History of Stonehenge
Stonehenge is perhaps the world’s most famous prehistoric monument. It was built in several stages: the first monument was an early henge monument, built about 5,000 years ago, and the unique stone circle was erected in the late Neolithic period about 2500 BC. In the early Bronze Age many burial mounds were built nearby. Today, along with Avebury, it forms the heart of a World Heritage Site, with a unique concentration of prehistoric monuments.
The earliest structures known in the immediate area are four or five pits, three of which appear to have held large pine ‘totem-pole like’ posts erected in the Mesolithic period, between 8500 and 7000 BC. It is not known how these posts relate to the later monument of Stonehenge.
At this time, when much of the rest of southern England was largely covered by woodland, the chalk downland in the area of Stonehenge may have been an unusually open landscape. It is possible that this is why it became the site of an early Neolithic monument complex.
This complex included the causewayed enclosure at Robin Hood’s Ball, two cursus monuments or rectangular earthworks (the Greater, or Stonehenge, and Lesser Cursus), and several long barrows, all dating from the centuries around 3500 BC. The presence of these monuments probably influenced the later location of Stonehenge.
The Stone Settings
In about 2500 BC the stones were set up in the centre of the monument. Two types of stone are used at Stonehenge – the larger sarsens and the smaller ‘bluestones’. The sarsens were erected in two concentric arrangements – an inner horseshoe and an outer circle – and the bluestones were set up between them in a double arc.
Probably at the same time that the stones were being set up in the centre of the monument, the sarsens close to the entrance were raised, together with the four Station Stones on the periphery.
About 200 or 300 years later the central bluestones were rearranged to form a circle and inner oval (which was again later altered to form a horseshoe). The earthwork Avenue was also built at this time, connecting Stonehenge with the river Avon.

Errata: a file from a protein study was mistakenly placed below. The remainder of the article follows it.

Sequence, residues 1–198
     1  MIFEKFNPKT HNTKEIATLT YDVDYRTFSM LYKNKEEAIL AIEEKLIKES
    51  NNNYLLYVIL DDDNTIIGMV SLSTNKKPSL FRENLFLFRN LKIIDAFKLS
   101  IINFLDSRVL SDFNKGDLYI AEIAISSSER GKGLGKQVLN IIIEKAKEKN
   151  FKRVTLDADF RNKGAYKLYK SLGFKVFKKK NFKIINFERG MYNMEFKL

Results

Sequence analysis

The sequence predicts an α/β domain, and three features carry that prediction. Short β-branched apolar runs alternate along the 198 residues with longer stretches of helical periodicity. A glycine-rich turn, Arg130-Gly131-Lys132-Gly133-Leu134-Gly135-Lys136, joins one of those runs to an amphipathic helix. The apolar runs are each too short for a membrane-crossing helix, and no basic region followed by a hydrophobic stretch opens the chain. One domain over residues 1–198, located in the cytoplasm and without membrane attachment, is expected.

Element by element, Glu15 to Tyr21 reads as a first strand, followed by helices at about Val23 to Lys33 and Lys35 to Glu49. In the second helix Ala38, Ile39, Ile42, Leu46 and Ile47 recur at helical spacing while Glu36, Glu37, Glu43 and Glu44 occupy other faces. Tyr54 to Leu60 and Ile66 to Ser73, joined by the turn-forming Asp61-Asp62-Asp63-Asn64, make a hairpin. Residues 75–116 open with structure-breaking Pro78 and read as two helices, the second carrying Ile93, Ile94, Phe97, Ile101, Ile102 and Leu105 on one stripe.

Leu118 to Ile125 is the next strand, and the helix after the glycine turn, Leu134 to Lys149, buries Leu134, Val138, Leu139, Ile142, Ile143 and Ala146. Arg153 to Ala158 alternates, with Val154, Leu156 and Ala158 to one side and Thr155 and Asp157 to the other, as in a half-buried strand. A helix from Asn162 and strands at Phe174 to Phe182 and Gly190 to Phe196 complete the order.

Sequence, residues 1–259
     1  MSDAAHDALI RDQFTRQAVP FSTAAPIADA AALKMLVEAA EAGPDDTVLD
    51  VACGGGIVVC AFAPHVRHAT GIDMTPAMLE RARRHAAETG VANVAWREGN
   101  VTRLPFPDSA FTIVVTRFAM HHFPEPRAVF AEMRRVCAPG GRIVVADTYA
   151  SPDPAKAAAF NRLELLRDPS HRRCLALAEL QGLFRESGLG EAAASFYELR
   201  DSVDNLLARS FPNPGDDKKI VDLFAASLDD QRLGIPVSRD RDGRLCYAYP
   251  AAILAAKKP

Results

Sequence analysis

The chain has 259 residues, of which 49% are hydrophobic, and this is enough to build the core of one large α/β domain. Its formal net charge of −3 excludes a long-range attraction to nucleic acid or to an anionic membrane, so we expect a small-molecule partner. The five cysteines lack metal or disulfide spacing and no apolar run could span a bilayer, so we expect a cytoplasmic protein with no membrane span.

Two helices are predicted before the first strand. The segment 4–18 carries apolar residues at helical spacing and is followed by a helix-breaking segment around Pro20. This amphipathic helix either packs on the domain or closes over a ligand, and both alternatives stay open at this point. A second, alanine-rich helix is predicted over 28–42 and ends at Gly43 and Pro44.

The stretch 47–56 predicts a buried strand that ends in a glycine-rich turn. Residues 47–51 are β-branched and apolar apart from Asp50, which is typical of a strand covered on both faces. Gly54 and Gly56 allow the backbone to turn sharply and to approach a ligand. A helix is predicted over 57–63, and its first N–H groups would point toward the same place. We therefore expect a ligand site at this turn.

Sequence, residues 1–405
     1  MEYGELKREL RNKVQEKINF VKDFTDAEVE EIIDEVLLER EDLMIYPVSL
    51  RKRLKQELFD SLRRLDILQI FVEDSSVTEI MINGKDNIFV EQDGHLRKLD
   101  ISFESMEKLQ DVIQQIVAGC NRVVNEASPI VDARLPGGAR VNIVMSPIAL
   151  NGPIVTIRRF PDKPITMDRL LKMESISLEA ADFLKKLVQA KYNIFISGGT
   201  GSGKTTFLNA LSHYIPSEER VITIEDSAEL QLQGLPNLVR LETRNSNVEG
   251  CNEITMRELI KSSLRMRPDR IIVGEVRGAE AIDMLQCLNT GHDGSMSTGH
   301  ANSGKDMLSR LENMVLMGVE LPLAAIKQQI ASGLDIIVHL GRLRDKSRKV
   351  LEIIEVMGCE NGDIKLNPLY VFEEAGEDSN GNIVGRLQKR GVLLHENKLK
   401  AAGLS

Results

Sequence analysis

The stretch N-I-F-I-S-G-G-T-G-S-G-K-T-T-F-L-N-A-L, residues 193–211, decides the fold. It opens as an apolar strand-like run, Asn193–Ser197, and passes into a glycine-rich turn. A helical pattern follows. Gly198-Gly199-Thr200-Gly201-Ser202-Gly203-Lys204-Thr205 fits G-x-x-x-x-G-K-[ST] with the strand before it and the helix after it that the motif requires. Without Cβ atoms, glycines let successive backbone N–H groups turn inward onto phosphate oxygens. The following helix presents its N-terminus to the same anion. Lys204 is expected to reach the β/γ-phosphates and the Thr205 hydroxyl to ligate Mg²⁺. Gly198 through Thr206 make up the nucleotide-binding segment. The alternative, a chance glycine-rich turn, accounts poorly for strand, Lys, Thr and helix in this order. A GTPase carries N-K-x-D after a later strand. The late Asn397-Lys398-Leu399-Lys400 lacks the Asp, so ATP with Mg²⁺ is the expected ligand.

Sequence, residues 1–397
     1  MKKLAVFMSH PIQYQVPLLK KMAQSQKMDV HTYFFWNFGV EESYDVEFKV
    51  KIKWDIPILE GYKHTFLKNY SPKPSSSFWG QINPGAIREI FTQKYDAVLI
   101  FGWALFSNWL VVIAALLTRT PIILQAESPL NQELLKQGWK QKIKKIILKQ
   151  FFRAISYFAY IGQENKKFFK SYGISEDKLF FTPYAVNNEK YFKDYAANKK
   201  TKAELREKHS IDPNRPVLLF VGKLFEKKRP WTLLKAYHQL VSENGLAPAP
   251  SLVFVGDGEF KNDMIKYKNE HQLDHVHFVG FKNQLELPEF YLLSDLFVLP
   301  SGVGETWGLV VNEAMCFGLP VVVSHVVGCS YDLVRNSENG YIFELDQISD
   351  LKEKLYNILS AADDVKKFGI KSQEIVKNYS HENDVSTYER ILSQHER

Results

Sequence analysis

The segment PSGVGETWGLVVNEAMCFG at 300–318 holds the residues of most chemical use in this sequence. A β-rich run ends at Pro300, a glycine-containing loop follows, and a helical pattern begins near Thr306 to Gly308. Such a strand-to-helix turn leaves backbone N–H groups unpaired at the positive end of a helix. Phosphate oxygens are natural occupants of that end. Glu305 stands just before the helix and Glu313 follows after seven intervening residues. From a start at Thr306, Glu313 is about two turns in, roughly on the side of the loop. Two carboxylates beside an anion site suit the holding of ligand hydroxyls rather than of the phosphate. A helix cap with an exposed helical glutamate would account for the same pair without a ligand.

One of the last prehistoric activities at Stonehenge was the digging around the stone settings of two rings of concentric pits, the so-called Y and Z holes, radiocarbon dated by antlers within them to between 1800 and 1500 BC. They may have been intended for a rearrangement of the stones that was never completed.
From the middle Bronze Age, less communal effort went into the construction of ceremonial monuments such as Stonehenge and more on activities such as the creation of fields.
In the Iron Age, probably about 700 BC, a major hillfort later known as Vespasian’s Camp was constructed 1¼ miles east of Stonehenge overlooking the river Avon. Stonehenge appears to have been frequently visited in the Roman period (from AD 43), since many Roman objects have been found there. Recent excavations raised the possibility that it was a place of ritual importance to Romano-British people.
The small town of Amesbury is likely to have been established around the 6th century AD at a crossing point over the Avon. A decapitated man, possibly a criminal, was buried at Stonehenge in the Saxon period. From this time on, sheep husbandry dominated the open downland around Stonehenge. The earliest surviving written references to Stonehenge date from the medieval period, and from the 14th century onwards there are increasing references to Stonehenge and drawings and paintings of it.